Smart grid is a nationwide concept to improve the efficiency and reliability of the U.S. electric power grid through reinforced infrastructure, sophisticated electronic sensors and controls, and two-way communications with consumers.
The following links go to sections that describe when and where smart-grid concepts may fit into climate action plans at your research campus.
There are two parts to the smart grid concept:
- Strengthen the transmission and distribution system to better coordinate energy delivery into the grid.
- Better coordinate energy delivery into the grid and consumption at the user end.
Many large research campuses have already begun to build smart grids. Most operate electricity grids that include power generation; load control; and power import, distribution, and consumption. Because of their size and affiliation with electricity consumers on campus, plant managers often have better central management and greater opportunities to improve distribution and end-use efficiency than most electric utilities. Furthermore, most campuses already have two-way communications through interconnected building automation systems. Campus plant managers use these communications for energy management and load shedding, which are among the top goals of utility smart grid projects.
Ultimately, research campuses may play a central role in developing and testing smart grid concepts ultimately used to improve the national utility grids. The U.S. Department of Energy (DOE) is investing approximately $4 billion to encourage the development of smart grid technologies. More information regarding the demonstration projects can be located at the Smart Grid Projects website.
Considerations for Campus Fuel Sources
Is smart grid right for your campus?
- Do you have expertise in electricity distribution?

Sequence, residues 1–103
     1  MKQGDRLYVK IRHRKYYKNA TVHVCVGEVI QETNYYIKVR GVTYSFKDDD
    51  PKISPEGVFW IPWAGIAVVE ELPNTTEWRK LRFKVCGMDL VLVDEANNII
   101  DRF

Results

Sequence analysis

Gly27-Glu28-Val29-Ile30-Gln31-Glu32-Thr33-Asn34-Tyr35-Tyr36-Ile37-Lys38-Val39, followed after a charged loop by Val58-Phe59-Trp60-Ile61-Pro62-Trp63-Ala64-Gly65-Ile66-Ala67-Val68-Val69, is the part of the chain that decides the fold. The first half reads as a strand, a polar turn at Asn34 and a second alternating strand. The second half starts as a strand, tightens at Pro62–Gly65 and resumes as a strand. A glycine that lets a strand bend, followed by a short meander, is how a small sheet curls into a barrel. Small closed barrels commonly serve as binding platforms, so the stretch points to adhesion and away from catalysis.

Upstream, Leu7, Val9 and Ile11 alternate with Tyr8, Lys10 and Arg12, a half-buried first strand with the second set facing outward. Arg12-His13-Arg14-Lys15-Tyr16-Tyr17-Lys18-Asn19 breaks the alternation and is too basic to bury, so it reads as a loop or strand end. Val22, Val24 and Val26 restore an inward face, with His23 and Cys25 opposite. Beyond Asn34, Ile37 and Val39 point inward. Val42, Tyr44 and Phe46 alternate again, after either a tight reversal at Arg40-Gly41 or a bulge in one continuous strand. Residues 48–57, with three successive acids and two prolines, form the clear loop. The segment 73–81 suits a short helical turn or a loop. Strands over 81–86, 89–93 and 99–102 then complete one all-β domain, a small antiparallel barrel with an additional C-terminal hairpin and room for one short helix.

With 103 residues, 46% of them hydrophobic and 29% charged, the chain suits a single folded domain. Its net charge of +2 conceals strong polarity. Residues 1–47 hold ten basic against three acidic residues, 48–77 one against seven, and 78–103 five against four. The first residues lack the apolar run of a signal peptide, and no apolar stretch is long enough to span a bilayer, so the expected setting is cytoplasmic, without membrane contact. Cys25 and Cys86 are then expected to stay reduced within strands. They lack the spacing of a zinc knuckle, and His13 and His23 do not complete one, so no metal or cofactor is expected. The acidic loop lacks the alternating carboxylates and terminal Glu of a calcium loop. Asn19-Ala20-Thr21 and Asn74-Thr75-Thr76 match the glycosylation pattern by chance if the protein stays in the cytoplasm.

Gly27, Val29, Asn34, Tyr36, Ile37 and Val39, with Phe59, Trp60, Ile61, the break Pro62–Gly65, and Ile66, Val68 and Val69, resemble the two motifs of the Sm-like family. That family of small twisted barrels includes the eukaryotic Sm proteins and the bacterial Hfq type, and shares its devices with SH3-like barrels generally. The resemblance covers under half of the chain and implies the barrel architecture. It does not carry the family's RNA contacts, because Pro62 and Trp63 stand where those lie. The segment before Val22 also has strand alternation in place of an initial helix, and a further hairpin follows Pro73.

- Do you operate an electric grid that includes generation and distribution?
- Do you have an integrated building automation system?
Research campuses should consider the following before undertaking smart grid applications.
Electricity Distribution Expertise
Many research campuses include staff who are well versed about electricity distribution systems. These subject matter experts are ideally suited to researching and developing smart grid concepts and pilots.
Electric Grid with Generation and Distribution
Research campuses often own and operate an electricity distribution system that includes power generation along with primary and secondary distribution. These grids present a perfect test bed for smart grid concepts and applications.
Integrated Building Automation Systems
If your campus has a centralized and integrated building automation system, you are probably already familiar with equipment interoperability, central dispatch, and load shedding. These are common in smart grid applications, and familiarity simplifies the deployment phase.
Leading Example: Colorado State University Project
A widespread smart grid system is not in place, but several campuses have begun research. Some have elements of a smart grid. Colorado State University (CSU) is one example.
The efforts of CSU stand out because they occur at a laboratory level; the university also plans a campus- and community-wide grid management system. The InteGrid Lab at CSU contains equipment for physically testing power generation sources such as wind and solar energy.
On a broader scale, CSU partners in a community-based zero energy district called FortZED. The vision for this ambitious project includes energy conservation to reduce load, followed by wind-generated electricity to meet the needs of the CSU campus, the City of Fort Collins, and many other partners.
Examples of research campus smart grid projects include the University of Nevada at Las Vegas, which was the recipient of DOE funding for smart grid research and development.
The following resources explain the fundamentals of smart grids:
DOE: DOE published a report titled, The Smart Grid: An Introduction. This is a primer on smart grid technology, detailing how smart grids work as an enabling engine for our economy, environment, and future.